Several randomized-controlled trials could recently demonstrate that ischemic stroke which is caused by large-cerebral-artery-occlusion can be treated effectively by endovascular recanalization. Among these studies, particularly the data from the ESCAPE study further corroborated the strong association between macrovascular pial collateral flow (before recanalization) and clinical outcome after recanalization. This review briefly gives an overview on these data and on the clinical key observations demonstrating this association in practice. Since the ischemic penumbra can only be sustained by collateral flow, the collapse of collateral blood flow or poor collateral filling, observed for example by DSA or CTA before recanalization, seems to be a primary cause of rapidly progressive infarction and futile therapeutic recanalization. However, it needs to be emphasized that the true cause-effect relationship between collateral failure and rapidly progressive infarction of the penumbra, i.e. the high probability of unfavorable clinical outcome despite recanalization, remains unclear. Along this line, an alternative hypothesis is offered viewing the collapse of collateral flow not as a cause but possibly as an inevitable secondary consequence of increasing peripheral/microvascular resistance during progressive infarction.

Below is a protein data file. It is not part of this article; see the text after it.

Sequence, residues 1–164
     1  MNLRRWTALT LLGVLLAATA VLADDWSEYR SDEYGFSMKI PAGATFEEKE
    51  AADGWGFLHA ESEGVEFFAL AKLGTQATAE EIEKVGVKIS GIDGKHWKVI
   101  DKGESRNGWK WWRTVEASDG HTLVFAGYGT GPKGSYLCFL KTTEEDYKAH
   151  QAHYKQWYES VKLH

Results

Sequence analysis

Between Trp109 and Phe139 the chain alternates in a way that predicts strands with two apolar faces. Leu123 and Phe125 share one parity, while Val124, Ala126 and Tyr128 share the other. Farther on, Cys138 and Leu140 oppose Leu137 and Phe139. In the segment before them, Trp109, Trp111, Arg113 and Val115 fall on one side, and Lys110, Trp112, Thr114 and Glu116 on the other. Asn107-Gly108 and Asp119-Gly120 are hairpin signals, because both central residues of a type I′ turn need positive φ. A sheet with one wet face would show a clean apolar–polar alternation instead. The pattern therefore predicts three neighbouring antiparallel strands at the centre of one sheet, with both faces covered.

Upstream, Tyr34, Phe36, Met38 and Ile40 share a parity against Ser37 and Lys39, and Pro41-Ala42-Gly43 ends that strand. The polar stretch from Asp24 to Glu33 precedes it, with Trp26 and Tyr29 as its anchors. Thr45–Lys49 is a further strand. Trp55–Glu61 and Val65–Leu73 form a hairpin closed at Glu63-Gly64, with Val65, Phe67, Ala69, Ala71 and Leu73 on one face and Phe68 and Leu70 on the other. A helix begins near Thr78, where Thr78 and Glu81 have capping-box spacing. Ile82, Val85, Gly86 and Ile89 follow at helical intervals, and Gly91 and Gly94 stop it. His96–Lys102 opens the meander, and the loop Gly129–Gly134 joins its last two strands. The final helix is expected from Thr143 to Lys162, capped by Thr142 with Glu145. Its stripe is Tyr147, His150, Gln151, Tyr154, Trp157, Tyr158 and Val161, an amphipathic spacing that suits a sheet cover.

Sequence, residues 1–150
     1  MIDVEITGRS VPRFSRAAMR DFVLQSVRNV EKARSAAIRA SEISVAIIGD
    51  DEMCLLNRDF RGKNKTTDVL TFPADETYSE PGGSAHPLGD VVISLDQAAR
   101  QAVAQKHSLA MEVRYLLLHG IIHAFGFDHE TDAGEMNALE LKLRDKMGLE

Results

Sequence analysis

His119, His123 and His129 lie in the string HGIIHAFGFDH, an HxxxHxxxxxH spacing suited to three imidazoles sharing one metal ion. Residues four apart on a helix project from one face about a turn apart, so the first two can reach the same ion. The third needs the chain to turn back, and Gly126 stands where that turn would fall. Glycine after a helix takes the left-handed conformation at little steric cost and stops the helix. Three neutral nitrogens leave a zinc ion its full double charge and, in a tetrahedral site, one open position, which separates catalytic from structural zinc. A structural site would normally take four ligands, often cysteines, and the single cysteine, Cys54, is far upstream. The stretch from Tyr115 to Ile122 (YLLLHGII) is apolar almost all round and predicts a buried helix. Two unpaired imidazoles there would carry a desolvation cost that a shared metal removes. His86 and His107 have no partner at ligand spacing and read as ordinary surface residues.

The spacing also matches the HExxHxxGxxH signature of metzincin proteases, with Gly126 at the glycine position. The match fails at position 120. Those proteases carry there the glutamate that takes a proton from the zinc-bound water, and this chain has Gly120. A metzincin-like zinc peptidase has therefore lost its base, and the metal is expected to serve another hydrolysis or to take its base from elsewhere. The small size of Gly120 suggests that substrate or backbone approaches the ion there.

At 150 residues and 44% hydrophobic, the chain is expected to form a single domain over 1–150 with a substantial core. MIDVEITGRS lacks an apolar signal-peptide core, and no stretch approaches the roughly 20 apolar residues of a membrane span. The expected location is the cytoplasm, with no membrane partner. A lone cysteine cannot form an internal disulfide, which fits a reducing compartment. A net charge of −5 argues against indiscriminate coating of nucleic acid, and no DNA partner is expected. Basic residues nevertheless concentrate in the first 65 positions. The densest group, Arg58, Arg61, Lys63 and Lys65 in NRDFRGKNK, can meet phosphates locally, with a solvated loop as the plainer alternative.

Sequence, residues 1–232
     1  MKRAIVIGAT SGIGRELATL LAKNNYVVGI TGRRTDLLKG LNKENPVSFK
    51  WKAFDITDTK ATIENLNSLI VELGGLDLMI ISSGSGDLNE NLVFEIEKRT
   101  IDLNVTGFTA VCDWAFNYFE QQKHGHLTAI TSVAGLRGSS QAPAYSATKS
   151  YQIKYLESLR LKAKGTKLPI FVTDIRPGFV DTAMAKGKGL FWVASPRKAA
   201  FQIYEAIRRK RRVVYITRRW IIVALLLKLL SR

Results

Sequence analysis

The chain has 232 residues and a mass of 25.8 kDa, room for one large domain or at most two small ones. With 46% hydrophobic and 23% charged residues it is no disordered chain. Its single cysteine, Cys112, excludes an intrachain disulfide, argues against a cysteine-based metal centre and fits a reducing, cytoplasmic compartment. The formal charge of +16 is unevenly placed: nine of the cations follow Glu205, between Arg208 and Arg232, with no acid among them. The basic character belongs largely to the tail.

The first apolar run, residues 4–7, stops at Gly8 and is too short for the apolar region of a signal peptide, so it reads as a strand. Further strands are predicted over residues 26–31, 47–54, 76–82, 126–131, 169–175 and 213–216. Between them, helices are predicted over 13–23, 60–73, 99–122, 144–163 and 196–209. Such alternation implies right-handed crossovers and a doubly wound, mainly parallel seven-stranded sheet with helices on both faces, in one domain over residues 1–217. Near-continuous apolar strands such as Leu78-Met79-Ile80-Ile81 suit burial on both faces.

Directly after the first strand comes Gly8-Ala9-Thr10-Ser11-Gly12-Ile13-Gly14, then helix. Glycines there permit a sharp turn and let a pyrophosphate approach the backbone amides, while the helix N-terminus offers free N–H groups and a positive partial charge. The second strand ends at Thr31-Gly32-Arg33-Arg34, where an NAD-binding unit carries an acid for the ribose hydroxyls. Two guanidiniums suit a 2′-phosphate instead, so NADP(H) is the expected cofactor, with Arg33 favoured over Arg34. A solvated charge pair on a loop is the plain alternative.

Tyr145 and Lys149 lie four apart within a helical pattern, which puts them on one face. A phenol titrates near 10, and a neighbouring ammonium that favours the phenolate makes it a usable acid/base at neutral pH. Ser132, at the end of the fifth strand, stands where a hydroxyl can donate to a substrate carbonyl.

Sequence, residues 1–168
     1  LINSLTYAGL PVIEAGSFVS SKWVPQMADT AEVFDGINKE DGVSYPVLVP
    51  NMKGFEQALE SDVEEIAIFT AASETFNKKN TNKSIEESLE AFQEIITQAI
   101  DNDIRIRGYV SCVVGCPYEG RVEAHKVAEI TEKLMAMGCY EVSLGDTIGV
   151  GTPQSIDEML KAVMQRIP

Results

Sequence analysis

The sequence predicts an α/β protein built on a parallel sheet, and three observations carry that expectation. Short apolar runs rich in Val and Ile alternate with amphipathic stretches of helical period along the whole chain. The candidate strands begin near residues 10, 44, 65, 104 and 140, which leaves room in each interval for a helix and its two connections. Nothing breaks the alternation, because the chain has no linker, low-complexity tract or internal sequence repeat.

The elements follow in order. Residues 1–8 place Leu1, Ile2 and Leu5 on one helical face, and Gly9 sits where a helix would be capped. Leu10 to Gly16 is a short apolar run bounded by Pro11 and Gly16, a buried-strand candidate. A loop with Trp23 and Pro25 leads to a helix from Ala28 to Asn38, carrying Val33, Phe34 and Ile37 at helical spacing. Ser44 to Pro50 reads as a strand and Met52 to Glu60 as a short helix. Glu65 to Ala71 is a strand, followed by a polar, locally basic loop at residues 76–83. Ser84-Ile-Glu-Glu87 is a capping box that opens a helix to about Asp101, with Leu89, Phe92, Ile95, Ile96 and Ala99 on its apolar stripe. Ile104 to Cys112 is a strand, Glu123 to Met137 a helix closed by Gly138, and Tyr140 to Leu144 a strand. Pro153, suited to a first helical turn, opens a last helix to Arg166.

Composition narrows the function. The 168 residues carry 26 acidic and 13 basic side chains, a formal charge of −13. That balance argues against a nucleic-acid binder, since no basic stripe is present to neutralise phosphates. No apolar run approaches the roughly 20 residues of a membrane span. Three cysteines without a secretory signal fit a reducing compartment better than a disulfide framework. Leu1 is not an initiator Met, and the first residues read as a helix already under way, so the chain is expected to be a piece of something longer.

Keywords: acute therapy; collaterals; endovascular recanalization; ischemic stroke; macrovascular; microvascular.